Tunisian Leaders Trade Blame, Amid Ongoing Wave of Violence
By Edward Yeranian January 11, 2018
Sporadic protests continued across parts of Tunisia, overnight, as government security forces tried to put a stop to scattered violence that has hit a number of regions.
Tunisian government security forces used teargas to quell violence across the country, amid scattered protests that erupted last week following price increases imposed by the government. The Interior Ministry reported that several hundred people were arrested during the past 24 hours.
Prime Minister Youssef Chahed, visiting a region hit by violence, told journalists "irresponsible politicians" were trying to "stir up trouble," and provoke a "wave of vandalism:"
He says encouraging social unrest, violence and pillage by bringing young people out into the streets, who then get arrested, is not in anyone's interest. He claims it only benefits the corrupt and those who want to weaken the state. He says the government is standing firm, along with the army and security forces in protecting the country.
Some political leaders urged the government to impose martial law to stop the violence.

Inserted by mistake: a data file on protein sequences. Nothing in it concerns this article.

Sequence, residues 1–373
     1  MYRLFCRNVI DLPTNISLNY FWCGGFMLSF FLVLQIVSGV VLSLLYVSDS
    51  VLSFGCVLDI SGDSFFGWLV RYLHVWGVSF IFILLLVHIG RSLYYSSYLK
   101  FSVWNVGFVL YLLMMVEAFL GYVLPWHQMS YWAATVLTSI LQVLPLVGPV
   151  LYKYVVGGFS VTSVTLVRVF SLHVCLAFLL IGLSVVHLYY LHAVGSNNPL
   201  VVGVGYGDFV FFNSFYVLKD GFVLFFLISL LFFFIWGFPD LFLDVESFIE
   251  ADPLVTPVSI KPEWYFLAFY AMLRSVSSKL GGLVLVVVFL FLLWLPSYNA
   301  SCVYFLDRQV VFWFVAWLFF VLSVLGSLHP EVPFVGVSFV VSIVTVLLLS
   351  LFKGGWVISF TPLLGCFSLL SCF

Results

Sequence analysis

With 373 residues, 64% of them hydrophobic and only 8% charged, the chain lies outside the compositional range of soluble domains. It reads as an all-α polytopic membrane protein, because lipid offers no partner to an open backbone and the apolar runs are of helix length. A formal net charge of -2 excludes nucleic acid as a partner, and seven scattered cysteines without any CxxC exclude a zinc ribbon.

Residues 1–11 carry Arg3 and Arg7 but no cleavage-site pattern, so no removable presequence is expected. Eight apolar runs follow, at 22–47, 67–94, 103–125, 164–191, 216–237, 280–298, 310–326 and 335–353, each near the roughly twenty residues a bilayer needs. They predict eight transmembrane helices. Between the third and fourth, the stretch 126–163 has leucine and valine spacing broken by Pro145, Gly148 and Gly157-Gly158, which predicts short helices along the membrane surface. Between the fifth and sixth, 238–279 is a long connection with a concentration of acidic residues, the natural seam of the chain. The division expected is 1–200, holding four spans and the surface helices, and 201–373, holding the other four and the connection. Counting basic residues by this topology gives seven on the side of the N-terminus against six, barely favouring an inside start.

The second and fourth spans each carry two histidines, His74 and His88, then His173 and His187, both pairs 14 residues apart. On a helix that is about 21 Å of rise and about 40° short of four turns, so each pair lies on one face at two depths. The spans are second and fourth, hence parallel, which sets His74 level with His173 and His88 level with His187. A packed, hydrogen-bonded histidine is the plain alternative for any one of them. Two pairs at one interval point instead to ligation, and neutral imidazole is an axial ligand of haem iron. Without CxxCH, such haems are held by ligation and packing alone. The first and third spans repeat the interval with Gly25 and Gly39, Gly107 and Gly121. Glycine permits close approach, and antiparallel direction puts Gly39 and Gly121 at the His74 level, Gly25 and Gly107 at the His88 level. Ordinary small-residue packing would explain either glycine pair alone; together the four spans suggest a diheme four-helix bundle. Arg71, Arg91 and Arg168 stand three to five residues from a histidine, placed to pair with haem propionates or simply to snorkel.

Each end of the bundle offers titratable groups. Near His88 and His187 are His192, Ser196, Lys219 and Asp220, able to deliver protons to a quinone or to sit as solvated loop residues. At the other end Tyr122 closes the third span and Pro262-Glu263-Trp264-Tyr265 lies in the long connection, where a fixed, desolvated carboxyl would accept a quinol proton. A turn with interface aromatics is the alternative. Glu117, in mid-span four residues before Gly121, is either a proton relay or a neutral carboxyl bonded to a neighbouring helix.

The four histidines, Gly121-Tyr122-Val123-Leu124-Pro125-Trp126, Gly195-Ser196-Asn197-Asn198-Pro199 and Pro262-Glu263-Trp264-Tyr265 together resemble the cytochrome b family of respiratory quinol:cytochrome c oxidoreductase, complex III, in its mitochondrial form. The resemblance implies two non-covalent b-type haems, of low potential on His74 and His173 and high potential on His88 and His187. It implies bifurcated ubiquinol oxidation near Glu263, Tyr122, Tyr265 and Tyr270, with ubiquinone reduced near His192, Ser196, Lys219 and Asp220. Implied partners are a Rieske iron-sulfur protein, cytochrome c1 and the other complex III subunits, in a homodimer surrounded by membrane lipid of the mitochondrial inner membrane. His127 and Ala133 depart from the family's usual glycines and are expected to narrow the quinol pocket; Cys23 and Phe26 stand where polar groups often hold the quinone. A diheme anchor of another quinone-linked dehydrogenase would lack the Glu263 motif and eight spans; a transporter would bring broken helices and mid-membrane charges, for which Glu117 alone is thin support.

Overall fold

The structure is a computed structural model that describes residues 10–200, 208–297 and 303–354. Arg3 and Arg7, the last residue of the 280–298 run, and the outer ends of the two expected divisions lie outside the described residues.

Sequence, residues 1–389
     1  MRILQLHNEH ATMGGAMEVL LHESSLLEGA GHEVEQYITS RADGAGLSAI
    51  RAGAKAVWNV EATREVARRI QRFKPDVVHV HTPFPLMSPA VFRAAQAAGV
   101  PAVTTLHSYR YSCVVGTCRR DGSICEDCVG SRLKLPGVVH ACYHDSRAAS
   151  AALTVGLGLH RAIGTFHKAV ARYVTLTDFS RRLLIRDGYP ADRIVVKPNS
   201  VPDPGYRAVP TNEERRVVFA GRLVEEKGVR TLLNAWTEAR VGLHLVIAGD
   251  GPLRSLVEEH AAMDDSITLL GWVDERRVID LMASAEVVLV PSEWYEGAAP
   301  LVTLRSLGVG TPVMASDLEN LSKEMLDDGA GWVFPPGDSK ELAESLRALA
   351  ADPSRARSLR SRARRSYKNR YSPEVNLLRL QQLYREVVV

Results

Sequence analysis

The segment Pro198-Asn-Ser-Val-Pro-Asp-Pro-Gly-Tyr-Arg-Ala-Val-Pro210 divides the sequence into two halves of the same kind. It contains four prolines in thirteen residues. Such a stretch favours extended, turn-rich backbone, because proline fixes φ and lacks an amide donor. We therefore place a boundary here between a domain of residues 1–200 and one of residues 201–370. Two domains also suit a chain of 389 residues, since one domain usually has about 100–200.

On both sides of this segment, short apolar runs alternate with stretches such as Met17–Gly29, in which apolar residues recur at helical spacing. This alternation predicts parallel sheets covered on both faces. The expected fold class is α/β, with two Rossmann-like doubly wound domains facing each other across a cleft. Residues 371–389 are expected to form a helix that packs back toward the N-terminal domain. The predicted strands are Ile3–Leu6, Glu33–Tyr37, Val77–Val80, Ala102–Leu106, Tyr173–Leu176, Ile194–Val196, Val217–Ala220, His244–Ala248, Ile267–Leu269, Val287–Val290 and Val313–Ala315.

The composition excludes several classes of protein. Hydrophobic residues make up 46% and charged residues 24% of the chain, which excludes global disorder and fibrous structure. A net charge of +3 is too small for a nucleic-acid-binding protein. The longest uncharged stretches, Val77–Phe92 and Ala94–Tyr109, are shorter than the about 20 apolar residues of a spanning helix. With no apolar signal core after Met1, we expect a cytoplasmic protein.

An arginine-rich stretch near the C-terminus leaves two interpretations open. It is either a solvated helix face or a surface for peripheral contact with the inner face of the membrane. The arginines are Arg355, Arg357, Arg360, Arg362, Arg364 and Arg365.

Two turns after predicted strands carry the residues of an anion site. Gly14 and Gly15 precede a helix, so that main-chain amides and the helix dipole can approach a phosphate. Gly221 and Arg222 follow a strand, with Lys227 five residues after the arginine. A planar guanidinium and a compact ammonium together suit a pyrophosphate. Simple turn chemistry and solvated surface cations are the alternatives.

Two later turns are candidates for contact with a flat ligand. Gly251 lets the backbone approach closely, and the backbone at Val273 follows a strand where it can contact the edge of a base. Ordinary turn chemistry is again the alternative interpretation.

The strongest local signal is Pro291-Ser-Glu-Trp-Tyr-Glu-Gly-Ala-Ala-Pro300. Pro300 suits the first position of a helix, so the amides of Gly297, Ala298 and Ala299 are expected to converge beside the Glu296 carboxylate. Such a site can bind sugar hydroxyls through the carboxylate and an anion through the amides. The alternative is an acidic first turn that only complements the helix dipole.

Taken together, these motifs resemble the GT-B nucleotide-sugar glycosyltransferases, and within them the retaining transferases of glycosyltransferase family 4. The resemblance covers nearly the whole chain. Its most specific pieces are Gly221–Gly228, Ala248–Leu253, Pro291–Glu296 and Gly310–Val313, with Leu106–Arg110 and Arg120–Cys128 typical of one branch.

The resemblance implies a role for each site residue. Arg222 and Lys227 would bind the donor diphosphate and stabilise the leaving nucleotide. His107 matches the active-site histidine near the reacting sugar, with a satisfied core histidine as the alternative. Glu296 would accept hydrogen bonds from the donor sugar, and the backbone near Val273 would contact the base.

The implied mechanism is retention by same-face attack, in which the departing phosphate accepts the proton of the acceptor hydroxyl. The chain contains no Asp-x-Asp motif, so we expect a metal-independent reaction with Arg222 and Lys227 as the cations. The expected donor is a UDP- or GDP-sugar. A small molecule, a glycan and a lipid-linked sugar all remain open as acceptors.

Spokesman Ziyad Akhdar, of the Popular Front political umbrella group that has been spearheading some of the protests, called the prime minister's remarks "irresponsible," and called for an "independent inquiry" into who is provoking the violence.
One protester told Arab media his main goal is to force the government to reverse its decision to introduce a value-added tax and raise prices on some basic staples.
He says protesters want to force the government to scrap this year's budget and then freeze or lower prices, since the people continue to get poorer.
Egyptian political sociologist Said Sadek tells VOA economic issues that prompted the 2011 Arab Spring revolution, which overthrew then President Zein al Abdine Ben Ali, still plague the country.
"The biggest problem for Tunisia is the economy is suffering. The economy has not been able to stand up and revive itself after the 2011 revolution and the same slogans of unemployment, poverty, and corruption, still remain," he said.
But Sadek does not believe the recent protests will incite a new revolution. "The violence has been amplified," he argues, "by some politicians calling for protests at night," rather than during the day, which is the usual custom in Tunisia.
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